Nick Woodman

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Nick Woodman
Nick Woodman 2014.jpg
Woodman in 2014
Born Nicholas D. Woodman
(1975-06-24) June 24, 1975 (age 42)
Residence Woodside, California, US
Nationality American
Alma mater University of California, San Diego
Occupation Founder and CEO, GoPro
Net worth $270 Million (February 2018) [1]
Spouse(s) Jill R. Scully
Children 3
Parent(s) Dean Woodman
Concepcion Socarras
Relatives Irwin Federman (step-father)

Nicholas D. Woodman (born June 24, 1975) is an American businessman. Woodman is the founder and CEO of GoPro.[2]

Early life and education[edit]

Woodman is the son of Concepcion (née Socarras) and Dean Woodman.[3][4][5][6] His father was born into a Quaker family and co-founded the investment bank Robertson Stephens;[3][7][8] and his mother is of Hispanic descent and re-married Irwin Federman, General Partner of U.S. Venture Partners in 1992.[4] Woodman grew up in Menlo Park, California[9] and Atherton, California,[10] attending the Menlo School, where he graduated in 1993.[11] He earned a bachelor's degree in visual arts and a minor in creative writing from the University of California, San Diego in 1997.[12][10][13]

After school, Woodman founded two startups, both of which never fully made it off the ground. The first was a website called EmpowerAll.com, which attempted to sell electronic goods for no more than a $2 markup, and the second was Funbug, a gaming and marketing platform that gave users the chance to win cash prizes.[14] Nick received a $235,000 investment from his father,[15] an investment banker in Silicon Valley, [16] and used his parents' connections in venture capital to launch GoPro.[17]

Career[edit]

While on hiatus in Australia and Indonesia on a surf trip, he used a 35mm camera attached to the palm of his hand by a rubber band to try to capture his surfing activities on film.[13] Seeing that amateur photographers like him – who wanted to capture quality action photos of their activities – had difficulties because either they could not get close enough to the action or were unable to purchase quality equipment at affordable prices, his trip became his inspiration to found GoPro.[13] His solution was to develop a belt that would attach the camera to the body.[13] To finance the business, Woodman borrowed $200,000 from his father, who still owned a 6.4% stake in May 2014.[18] Nick also borrowed $35,000 and a sewing machine from his mother, which he used to sew camera straps while experimenting with early designs.[19] Nick and his future wife Jill generated an additional $10,000 by selling shell necklaces they bought in Bali (for $1.90) from their car along the California coast (for $60).[20] His desire for a camera system that could capture close up footage inspired the 'GoPro' name.[21][22]

The first GoPro product was a 35mm film camera developed by a Chinese company named Hotax that incorporated Woodman's custom wrist strap, slight modifications to the housing, and the GoPro logo. Hotax sold Woodman the rebranded camera for $3.05 and the cameras retailed for about $30.[23] Woodman would go about selling his products while using his 1971 Volkwagen Bus that he named 'The Buscuit' as his mobile home.[24] The product has since evolved into a compact digital camera that supports WiFi, can be remotely controlled, has waterproof housing and records to a micro SD card.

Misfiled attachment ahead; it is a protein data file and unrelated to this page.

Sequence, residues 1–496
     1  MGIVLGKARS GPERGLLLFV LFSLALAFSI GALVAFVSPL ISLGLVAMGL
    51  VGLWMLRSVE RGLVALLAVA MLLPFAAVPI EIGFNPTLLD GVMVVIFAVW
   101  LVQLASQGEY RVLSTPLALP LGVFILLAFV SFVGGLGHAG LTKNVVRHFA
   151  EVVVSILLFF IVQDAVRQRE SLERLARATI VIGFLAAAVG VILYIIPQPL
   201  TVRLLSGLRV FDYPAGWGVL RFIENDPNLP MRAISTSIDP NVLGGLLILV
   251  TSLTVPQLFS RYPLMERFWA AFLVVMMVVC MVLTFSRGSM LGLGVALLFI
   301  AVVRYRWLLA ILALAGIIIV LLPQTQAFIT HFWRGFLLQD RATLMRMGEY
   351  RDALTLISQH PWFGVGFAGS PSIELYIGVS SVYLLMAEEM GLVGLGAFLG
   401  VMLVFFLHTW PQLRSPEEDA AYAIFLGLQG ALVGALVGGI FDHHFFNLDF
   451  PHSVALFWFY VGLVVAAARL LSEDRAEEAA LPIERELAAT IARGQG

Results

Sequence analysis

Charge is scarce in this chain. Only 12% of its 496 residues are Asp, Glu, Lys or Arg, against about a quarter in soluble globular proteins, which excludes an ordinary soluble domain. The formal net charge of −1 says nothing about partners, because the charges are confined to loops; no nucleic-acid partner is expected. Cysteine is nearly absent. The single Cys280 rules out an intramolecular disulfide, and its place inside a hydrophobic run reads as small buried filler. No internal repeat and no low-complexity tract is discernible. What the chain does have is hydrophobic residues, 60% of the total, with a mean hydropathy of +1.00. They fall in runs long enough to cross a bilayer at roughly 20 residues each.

In 2004, Woodman made his first big sale when a Japanese company ordered 100 cameras at a sports show.[13][20] Thereafter, sales doubled every year,[12] and in 2012, GoPro sold 2.3 million cameras.[13] In 2005, Woodman appeared on QVC to sell his GoPro Hero.[25] In 2004, GoPro had about $150,000 in revenue which grew to about $350,000 in 2005. In December 2012, the Taiwanese contract manufacturer Foxconn purchased 8.88% of the company for $200 million which set the market value of the company at $2.25 billion making Woodman, who owned the majority of the stock, a billionaire.[13][20] On June 26, 2014, GoPro went public – closing the day at $31.34 a share. In 2014, Woodman was the highest paid US chief executive, paying himself $235 million while GoPro earned profits of $128 million.[26][27][28]

In 2015, GoPro formed a partnership with the NHL in which the NHL would use GoPro products to improve the viewing experience for fans.[29] Woodman has been invited to speak at various tech conferences and in October 2015, Woodman was a guest on the Late Show with Stephen Colbert and wore a GoPro camera for the entirety of the interview.[30] Woodman appeared as a shark investor in the sixth season of the show Shark Tank.[31] Woodman has invested $125,000 as of November 2015 on Shark Tank on two investments.[32]

GoPro made a series of job cuts in 2016-2018. In January 2016, it cut 100 jobs, or 7% of his workforce.[33] In November 2016, GoPro cut an additional 15% of its workforce after attempting to branch out beyond its core business of action cameras, as the entertainment division failed to reach profitability.[34] Additional layoffs followed in March 2017.[35] In January 2018, GoPro announced they were removing drones from their product lineup and reducing the workforce from 1,254 employees to fewer than 1,000.[36] Woodman has announced that he is open to selling GoPro.[37]

In December 2016, a class action lawsuit against GoPro was announced. The complaint alleged that GoPro made false and misleading statements to investors and/or failed to disclose flaws in the company's drones, overstating customer demand, and GoPro's public statements were materially false and misleading.[38][39]

With the many changes at and involving GoPro, including numerous job cuts and falling stock prices, Woodman was named in a Fox Business article as one of the year's worst CEOs.[40]

Awards[edit]

Woodman won the national Ernst & Young Entrepreneur of the Year award in the retail and consumer products category in 2013.[41] In 2014, Woodman accepted an Emmy Award on behalf of GoPro for Technology and Engineering in the category of Inexpensive Small Rugged HD Camcorders.[42]

Philanthropy[edit]

After a successful IPO, the couple donated 5.8 million shares of GoPro stock to the Jill + Nicholas Woodman Foundation, a fund they created at the Silicon Valley Community Foundation in 2014.[43] This donation allowed Nick Woodman to reduce his taxable income by approximately $450 million while avoiding capital gains taxes on the sale of the stock.[44] From 2014 to 2018, the value of the donated GoPro stock declined from $500 million to $36.1 million. Woodman has not announced when or how much of the original stock the foundation sold. Woodman was one of the biggest donors in the tech industry in 2014; however, it angered investors because the donation avoided the typical 180-day waiting period after an IPO.[45][46][47] The public reaction to the questionable donation caused GoPro to lose about $1.3 billion in market capitalization. Woodman has not announced how much, if any, of the donation has been distributed to charitable causes, nor has he announced the intention of the foundation.

In March 2014, Woodman was honored for his philanthropic work with BUILD at their 5th annual gala in San Francisco.[48]